Wednesday, January 11, 2017

Texas Motor Speedway revs up NASCAR raceway with multimillion dollar upgrade

A NASCAR Sprint Series race at Texas Motor Speedway.
A NASCAR Sprint Series race at Texas Motor Speedway.

After 15 seasons, Texas Motor Speedway President and CEO Eddie Gossage said it was time to repave and reprofile the 1.5-mile oval configuration track that plays host to NASCAR and Indycar races in North Texas.

Construction begins Monday on a multimillion-dollar upgrade expected to trade up the Texas Motor Speedway pavement and change the banking on two of the turns in the raceway.

"This will be a huge change to what has been sitting here for 20 years, from a competition standpoint," Gossage told the Dallas Business Journal."This is a big deal in racing."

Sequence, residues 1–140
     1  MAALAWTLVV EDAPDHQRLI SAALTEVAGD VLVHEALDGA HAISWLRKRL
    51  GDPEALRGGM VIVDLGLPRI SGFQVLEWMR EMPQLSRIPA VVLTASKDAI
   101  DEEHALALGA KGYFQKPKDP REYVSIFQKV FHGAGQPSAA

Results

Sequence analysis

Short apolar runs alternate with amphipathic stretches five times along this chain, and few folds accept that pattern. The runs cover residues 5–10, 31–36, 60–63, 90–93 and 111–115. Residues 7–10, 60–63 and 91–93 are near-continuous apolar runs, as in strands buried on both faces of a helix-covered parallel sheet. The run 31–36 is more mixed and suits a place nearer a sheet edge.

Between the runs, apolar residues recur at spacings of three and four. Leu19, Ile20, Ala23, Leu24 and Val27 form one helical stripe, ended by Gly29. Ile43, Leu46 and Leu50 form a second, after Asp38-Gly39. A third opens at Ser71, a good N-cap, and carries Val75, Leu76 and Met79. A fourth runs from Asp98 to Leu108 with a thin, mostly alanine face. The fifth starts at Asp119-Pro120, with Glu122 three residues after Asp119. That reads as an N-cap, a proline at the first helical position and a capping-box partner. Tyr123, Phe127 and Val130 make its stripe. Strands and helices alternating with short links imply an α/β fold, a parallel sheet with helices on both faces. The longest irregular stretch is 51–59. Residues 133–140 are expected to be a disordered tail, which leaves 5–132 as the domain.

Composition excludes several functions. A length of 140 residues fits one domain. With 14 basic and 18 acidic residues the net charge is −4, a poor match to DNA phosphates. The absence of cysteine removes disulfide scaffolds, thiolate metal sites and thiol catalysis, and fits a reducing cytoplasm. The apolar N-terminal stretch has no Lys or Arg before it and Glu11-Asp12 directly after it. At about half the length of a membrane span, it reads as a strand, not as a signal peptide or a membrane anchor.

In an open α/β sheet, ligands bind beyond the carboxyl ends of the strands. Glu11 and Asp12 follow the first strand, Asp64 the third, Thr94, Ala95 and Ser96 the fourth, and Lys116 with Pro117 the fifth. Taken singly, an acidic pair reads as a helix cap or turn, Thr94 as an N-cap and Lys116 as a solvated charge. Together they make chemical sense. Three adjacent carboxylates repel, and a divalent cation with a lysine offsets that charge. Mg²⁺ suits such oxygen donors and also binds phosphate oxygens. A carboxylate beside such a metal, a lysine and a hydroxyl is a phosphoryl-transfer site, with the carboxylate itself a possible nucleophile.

The upgrades will add a new layer of asphalt to the existing pavement, add an expansive French drainage system to help with drainage difficulties and reduce the banking in turns 1 and 2 by four degrees.

Construction is slated for completion in March, with the O'Reilly Auto Parts 500 NASCAR doubleheader slated for April 7-9.

"We are doing this very quickly, but our bread and butter is the asphalt out there," Gossage told me. "Once it's paved, we'll have about five weeks until the first race and in that time Goodyear has to test tires and bring in tires that will work for all three cars on that asphalt."

Gossage said Goodyear makes a different tire for every racetrack — and the new racetrack at Texas Motor Speedway will also require every racecar to get a new set of tires.

The racetrack will also get racing rubber meshed into the pores of the asphalt, which will help make it a good track. The virgin asphalt doesn't make for good track racing, he said.

"This will simulate older asphalt, which is slicker and makes for better racing," he added.

Along with better racing, the repaving — along with a new drainage system — will help alleviate past weather delays, which caused the Texas Motor Speedway to delay races for hours as they wanted for the track to dry.

Candace Carlisle/Dallas Business Journal